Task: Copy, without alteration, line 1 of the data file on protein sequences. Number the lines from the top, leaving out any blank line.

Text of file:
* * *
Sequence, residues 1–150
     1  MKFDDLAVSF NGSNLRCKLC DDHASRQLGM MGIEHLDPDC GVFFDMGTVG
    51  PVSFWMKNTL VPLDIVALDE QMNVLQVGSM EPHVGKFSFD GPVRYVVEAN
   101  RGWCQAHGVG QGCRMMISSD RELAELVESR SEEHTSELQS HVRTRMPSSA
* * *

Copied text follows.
Sequence, residues 1–150